“When it comes to promoting your podcast, don’t miss what’s right in front of you — your interviewee. The guest you invited on your podcast has their own following and community. They are the ones most likely to listen and share. Time and again, our most-listened-to episodes feature people who have active and engaged communities online. Here’s the secret sauce: You can’t just ask them to share in an email, you have to give your guest assets they are excited to use. For The Corporate Dropout podcast, we always share a bundle of images they can use that feature the guest and include the episode title and podcast name. Launch your episode with a wave of appreciation your guest can’t miss. Share the episode on Instagram, Instastory, LinkedIn, and Facebook, and be sure to tag your guest. Most often, guests will reciprocate and share the episode with their followers — and some of them will subscribe and become regular listeners.” — April Sciacchitano, co-founder of Mix+Shine Marketing and The Corporate Dropout podcast

“Give your guest really good assets to post on their social platforms. For instance, I’m working on launching an interview series with top Gen-Z influencers. They have unimaginably large audiences, larger than four times my max growth potential. To leverage this, I cut together materials that they can post on their social media. Everyone needs more content. The key is to create a piece that fits with their audience and to give them several options to choose from. Make it as little work for them as you can. I’ve been featured in vlogs that got 250,000+ views this way.” Timothy Bach, Multi-Media Journalist, and Creative Lead at The Creator Factory

“Building an audience requires patience and persistence: following the steps below, I’ve reached a total 100,000 downloads after starting my show three years ago and publishing 225+ episodes. For each episode, I create a custom graphic that includes the photo and name of my guest, and then I send that graphic to my guest along with a permalink to the episode on my show’s website. I encourage my guests to post the graphic and link on LinkedIn, Twitter, or their website.” — Will Bachman, co-founder & Managing Partner of Umbrex and the host of Unleashed

“As a podcaster, you don’t want to speak into a vacuum. Meaning, if you continue to only talk to those who already listen and follow you, then you are missing out on huge potential listenership by not asking your guest to share with their community/followers/subscribers/etc. Explain to your guest how much it would help you and your show, most people will help, however they can.” — Brianna Peters, Founder/Owner of Gotham Podcast Studio, Host of Bit Different Podcast

4. Engage your local community

At first, Julie and Stacey didn’t have much to say about promotion, as their entrepreneurship podcast rose to popularity quite organically due to the idea behind it (they interview local businesses) and their connections in the Charleston area. I was like DING DING DING, let’s hear how they engaged their community, which is a form of promotion. Here’s what they had to say…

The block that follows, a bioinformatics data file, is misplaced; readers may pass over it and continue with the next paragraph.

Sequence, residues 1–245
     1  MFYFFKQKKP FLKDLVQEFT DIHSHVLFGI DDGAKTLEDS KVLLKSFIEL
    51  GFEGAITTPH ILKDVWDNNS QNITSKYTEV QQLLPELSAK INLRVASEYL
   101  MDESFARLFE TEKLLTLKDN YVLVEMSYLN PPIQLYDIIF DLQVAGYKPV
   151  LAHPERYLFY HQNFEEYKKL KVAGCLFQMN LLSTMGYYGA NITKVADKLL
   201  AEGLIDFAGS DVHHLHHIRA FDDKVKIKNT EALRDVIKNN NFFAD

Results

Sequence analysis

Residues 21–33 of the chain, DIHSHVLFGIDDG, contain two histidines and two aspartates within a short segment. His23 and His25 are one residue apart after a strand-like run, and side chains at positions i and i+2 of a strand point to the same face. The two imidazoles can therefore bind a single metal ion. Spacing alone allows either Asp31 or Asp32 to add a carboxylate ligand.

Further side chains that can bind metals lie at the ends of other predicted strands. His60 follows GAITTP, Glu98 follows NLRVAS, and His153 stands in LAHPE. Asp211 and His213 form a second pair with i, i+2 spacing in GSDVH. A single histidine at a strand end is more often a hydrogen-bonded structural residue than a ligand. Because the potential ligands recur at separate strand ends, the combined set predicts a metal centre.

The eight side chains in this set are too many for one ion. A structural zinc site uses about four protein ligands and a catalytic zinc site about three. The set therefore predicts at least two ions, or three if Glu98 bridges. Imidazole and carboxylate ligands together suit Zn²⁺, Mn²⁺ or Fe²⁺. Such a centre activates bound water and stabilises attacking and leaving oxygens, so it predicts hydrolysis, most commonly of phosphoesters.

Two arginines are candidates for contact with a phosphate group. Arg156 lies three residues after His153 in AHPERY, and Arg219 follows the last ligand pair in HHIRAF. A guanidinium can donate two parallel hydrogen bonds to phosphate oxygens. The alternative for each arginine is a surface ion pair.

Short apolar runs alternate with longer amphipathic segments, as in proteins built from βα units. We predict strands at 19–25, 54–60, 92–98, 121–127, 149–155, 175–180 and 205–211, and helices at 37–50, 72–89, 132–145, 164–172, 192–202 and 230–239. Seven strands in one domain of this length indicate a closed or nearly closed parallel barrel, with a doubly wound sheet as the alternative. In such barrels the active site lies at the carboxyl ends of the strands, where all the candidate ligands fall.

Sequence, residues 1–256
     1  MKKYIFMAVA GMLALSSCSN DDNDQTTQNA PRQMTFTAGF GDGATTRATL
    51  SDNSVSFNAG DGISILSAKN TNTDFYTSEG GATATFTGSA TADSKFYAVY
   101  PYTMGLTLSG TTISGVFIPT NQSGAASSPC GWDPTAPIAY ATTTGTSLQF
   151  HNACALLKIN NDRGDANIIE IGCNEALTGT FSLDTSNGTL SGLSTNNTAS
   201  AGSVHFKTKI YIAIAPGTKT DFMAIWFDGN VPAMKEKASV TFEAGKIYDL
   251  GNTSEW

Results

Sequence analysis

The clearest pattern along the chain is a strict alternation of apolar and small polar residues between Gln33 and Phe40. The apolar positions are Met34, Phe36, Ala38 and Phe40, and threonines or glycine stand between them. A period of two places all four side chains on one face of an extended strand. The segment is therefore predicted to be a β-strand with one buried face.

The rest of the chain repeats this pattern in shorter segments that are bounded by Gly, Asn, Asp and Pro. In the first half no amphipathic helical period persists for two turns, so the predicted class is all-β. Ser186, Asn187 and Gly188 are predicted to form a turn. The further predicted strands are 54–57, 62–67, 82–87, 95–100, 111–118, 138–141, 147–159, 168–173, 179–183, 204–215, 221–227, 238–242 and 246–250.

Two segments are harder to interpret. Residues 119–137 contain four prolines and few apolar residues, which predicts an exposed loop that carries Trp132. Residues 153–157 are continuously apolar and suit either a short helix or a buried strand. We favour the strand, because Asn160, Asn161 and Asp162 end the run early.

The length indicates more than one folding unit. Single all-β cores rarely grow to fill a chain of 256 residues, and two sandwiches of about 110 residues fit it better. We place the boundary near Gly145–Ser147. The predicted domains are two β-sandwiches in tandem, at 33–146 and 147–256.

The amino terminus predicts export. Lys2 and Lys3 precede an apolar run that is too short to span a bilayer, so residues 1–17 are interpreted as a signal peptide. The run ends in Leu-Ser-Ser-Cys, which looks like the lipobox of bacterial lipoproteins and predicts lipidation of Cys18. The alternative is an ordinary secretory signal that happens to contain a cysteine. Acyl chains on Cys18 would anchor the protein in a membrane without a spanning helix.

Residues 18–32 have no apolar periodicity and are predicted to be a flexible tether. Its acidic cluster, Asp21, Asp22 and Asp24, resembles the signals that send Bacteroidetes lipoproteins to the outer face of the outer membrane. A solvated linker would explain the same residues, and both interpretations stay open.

“We have quarterly get-togethers at a local cheese and wine shop, Goat, Sheep, Cow North. They’ve been on the podcast! Getting together ensures we keep up with what our previous guests are up to, and can also lead to new partnerships through friends of guests. We also support the people who have been on the podcast either by donating, referring, or shopping. People love to tell their stories, and we like to listen. It is a perfect way to get the best of both worlds. So as much as we can, we try to do the interviews face to face. The connection is super personal, and many times once the mic is turned off, our guests will sit for hours and continue telling stories. We built as a platform for people to tell their stories and use it for their own marketing needs.” — Julie & Stacey, Co-CEO’s & Founders of the GSD Entrepreneur podcast

5. Get fun tags from guests

“Have a script of maybe three different lines that you have all your guests read that promote you and your brand. You’ll see this done on E-News and Entertainment Tonight. Something like, “Hey guys, it’s X here, (you)’s the best podcast EVER… make sure you subscribe, like, and share! Here is an example from my own social.Timothy Bach, Multi-Media Journalist, and Creative Lead at The Creator Factory

“When I interview someone, I ALWAYS get a tag for the show. You will always hear my podcast start with “Hi! This is such and such, and you are listening to Sound Vapors.” There is another use for guest tags as well. I create a quick 15-second video with the tag that they’ve recorded and use it on social media to announce an upcoming episode. Fans of the show really seem to get a kick out of these. This has been extremely effective for me. Bonus is — if the (in my case) artist or band re-tweets or IG Stories your video tag to their following, it creates that much more buzz.” — Tommy Marz, founder of Sound Vapors